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Consumer data breakdowns that companies should want and psychologists have

(MARKETING) Companies should partner with psychologists to fully understand the data they collect from their consumers.

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Psychology and consumer behavior

I’ve said it before, and I’ll say it again: humans are complicated beings. Liraz Margalit recently published an article in Psychology Today arguing that companies and data scientists begin working with psychologists in order to develop a better understanding of consumer behavior.

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Personal opinion? Seems like a very valid argument to me.

Personal yet profitable

The marketing goal of today is to create personalized experiences that attract visitors and convert them into customers, while simultaneously retaining older customers. Though the ultimate goal – to make money – remains the same, the method of going about it did not become popular until fairly recently.

This is without a doubt primarily due to the advent of online shopping.

After all, with a seemingly infinite number of online retailers, for many it is not particularly difficult to purchase what they need elsewhere online. Thus, was born a new trend- one that focused on creating personalized experiences based around data previously gained from customers. The thinking is that the ease and comfort that comes with such an experience will create repeat customers.

This is half-right

One of the major problems companies are running into is that while a website or store may have a large number of visitors, that does not necessarily mean that said visitors will be customers. Companies have swathes of solid data regarding customers- user behavior, social media information, item details, contextual information, etc. – cold, hard data.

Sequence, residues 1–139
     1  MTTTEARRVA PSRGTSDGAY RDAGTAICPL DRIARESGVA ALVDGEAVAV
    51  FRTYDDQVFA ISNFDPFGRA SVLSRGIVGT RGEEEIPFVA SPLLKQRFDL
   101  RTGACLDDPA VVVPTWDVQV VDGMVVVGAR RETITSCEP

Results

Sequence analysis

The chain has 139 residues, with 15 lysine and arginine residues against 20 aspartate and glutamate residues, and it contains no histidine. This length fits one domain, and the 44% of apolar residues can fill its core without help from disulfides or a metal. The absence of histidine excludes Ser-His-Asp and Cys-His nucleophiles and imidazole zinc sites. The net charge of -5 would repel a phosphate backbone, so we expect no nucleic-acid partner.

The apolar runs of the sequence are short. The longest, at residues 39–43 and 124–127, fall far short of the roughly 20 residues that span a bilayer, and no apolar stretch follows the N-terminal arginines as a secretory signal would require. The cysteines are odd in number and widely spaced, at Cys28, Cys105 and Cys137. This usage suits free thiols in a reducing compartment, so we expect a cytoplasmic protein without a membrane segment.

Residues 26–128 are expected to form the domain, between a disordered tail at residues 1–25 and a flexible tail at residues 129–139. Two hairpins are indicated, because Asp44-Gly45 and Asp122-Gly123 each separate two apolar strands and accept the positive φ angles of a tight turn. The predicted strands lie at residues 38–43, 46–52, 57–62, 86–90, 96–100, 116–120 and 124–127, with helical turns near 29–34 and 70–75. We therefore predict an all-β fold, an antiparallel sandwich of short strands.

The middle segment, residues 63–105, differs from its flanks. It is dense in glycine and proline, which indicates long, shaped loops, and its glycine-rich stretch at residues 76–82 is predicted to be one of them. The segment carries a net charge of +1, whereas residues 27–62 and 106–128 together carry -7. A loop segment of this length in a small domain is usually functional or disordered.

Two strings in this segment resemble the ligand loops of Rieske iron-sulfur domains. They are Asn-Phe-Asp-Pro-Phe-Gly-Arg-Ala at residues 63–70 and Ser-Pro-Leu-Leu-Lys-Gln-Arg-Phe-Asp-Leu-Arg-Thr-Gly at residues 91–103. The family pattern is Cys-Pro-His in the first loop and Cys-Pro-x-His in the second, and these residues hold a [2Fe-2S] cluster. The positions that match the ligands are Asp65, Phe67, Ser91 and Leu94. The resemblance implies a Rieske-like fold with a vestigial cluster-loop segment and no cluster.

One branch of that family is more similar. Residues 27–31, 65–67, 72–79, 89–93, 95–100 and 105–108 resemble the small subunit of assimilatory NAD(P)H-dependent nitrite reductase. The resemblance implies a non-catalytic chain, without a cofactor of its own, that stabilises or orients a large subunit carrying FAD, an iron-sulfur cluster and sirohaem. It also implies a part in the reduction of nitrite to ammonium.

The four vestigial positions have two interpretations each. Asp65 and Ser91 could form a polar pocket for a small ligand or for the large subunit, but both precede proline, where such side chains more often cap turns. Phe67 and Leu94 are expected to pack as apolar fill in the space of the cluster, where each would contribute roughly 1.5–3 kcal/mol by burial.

But the problem is that, generally speaking, human beings are not cold, hard creatures.

Fact is, all that fancy-pants information is great in terms of numbers and algorithms. But, as of yet, human behavior cannot be understood using numbers and algorithms, and therefore, it can quite often turn out to be a waste of money. We still have a ton to learn regarding human behavior, and we are humans (insert tin-foil hat reference regarding aliens living among us here).

How, then, are computers supposed to have a deeper understanding of the subject?

Computers are pretty amazing things, but they’re not there quite yet. In her article, Margalit offers a couple of suggestions.

Experience matters

First, instead of focusing on conversion rates, businesses need to begin thinking in terms of “conversion cycles.” Customers may visit retailers a number of times in a variety of ways before making a purchase. This can include their online stores, their brick-and-mortar stores (if they have one), their mobile sites, social media pages, and more.

Whether they make a purchase is typically the result of these experiences.

Those experiences are also combined with other, more difficult to gauge factors (emotional pulls, personal style, current economic status, etc.). Companies need take heed of these factors, as well as understand their significance.